UIHC first to test new breast cancer technology


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The University of Iowa Hospitals and Clinics is at the national forefront of a new technology designed to test for breast cancer.

Starting Wednesday, the UIHC became the first hospital in the country to use a new breast-imaging technology: digital tomosynthesis.

“We’ve upgraded all our equipment to the latest technology for breast cancer screening — digital breast tomosynthesis,” said Laurie Fajardo, the chairwoman of the Radiology Department.

Digital tomosynthesis differs from the traditional mammogram method in the images it provides. Instead of only offering two images of the breast, Digital Tomosynthesis offers many images of the breast, giving doctors many slices to examine.

“Instead of the X-ray being perpendicular, the beam sweeps, making multiple exposures,” said Barbara Monsees, the head of the American College of Radiology Breast Imaging Commission.

By providing multiple images, doctors looking for possible breast cancer are able see much more.

Using the traditional method, doctors often found breast tissue would overlap and obscure less dense areas.

“We can see smaller things much better and especially see through dense breast tissue,” Fajardo said.

Tomosynthesis itself is not a new technology; however, the switch to a digital format and its use in breast imaging is new. In fact, the UIHC played a role in developing the advanced technology.

“The University of Iowa breast radiologists have been intensely participating and providing essential data in the development of Tomosynthesis,” Park said.

The Food and Drug Administration approved the use of tomosynthesis early this year, and the UIHC installed its first unit on Sept. 10, said Jeong Mi Park, a UI clinical professor of radiology. The unit can provide both the new technology as well as the traditional methods. There is also a unit at the Iowa River Landing Clinic, which will be in use once the clinic opens.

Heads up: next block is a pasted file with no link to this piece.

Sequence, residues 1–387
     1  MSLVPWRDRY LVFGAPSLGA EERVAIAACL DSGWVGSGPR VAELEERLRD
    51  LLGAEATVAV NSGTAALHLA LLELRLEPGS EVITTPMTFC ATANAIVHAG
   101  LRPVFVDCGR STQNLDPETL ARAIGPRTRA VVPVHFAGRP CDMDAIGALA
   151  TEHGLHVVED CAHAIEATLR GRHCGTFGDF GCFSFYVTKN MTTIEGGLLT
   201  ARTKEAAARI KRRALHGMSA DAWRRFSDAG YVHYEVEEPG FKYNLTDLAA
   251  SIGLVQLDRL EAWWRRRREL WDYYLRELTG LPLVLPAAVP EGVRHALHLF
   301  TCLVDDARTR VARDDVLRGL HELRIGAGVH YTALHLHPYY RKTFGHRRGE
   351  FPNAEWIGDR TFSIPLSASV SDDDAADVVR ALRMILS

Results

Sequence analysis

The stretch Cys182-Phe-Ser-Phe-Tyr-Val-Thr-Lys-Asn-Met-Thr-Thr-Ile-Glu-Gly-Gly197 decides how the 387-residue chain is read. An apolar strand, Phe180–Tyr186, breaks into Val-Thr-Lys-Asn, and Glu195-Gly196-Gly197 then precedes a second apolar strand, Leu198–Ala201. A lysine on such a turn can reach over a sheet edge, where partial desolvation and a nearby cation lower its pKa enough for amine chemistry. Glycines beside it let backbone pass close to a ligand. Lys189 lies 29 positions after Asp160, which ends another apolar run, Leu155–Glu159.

Each unit cost the UIHC approximately $500,000.

“The technology is relatively inexpensive compared to other radiology equipment like CT, MRI, or PET scans,” Farjardo said.

Park said women who are tested will not physically feel much of a difference.

“Patients will not feel significant difference from the traditional 2-D exam,” she said.

Currently, tomosynthesis is still undergoing testing. Monsees said it is too early to endorse the technology, but she holds hope that it will prove to be beneficial.

“The hope of digital tomosynthesis is that it can do two things: improve the recall rate and to improve our ability to find cancer,” she said. “If either or both of those are true, it certainly may be an advantage over whatever we have.”

Even though Monsees is hesitant to endorse tomosynthesis until all the research is in, she believes fully in the importance of screening for breast cancer.

Park stressed the importance of early detection.

“It is very important to find out breast cancer before it gets to the clinical stage and at its curable stage,” Park said.

And in honor of Breast Cancer Awareness Month, the UIHC is offering Walk-In Wednesdays, on which women can receive a mammogram without an appointment.

The need for early detection is part of the reason why Walk-In Wednesdays were created in the first place. Last year, roughly 30-40 women took advantage of the Walk-In Wednesday program each Wednesday. Fajardo said she hopes to see that number double this year.

“We found that certain populations of women in our community weren’t undergoing regular breast cancer screening, so we tried to be creative and make it a little more convenient for them during breast cancer awareness month in October,” she said.

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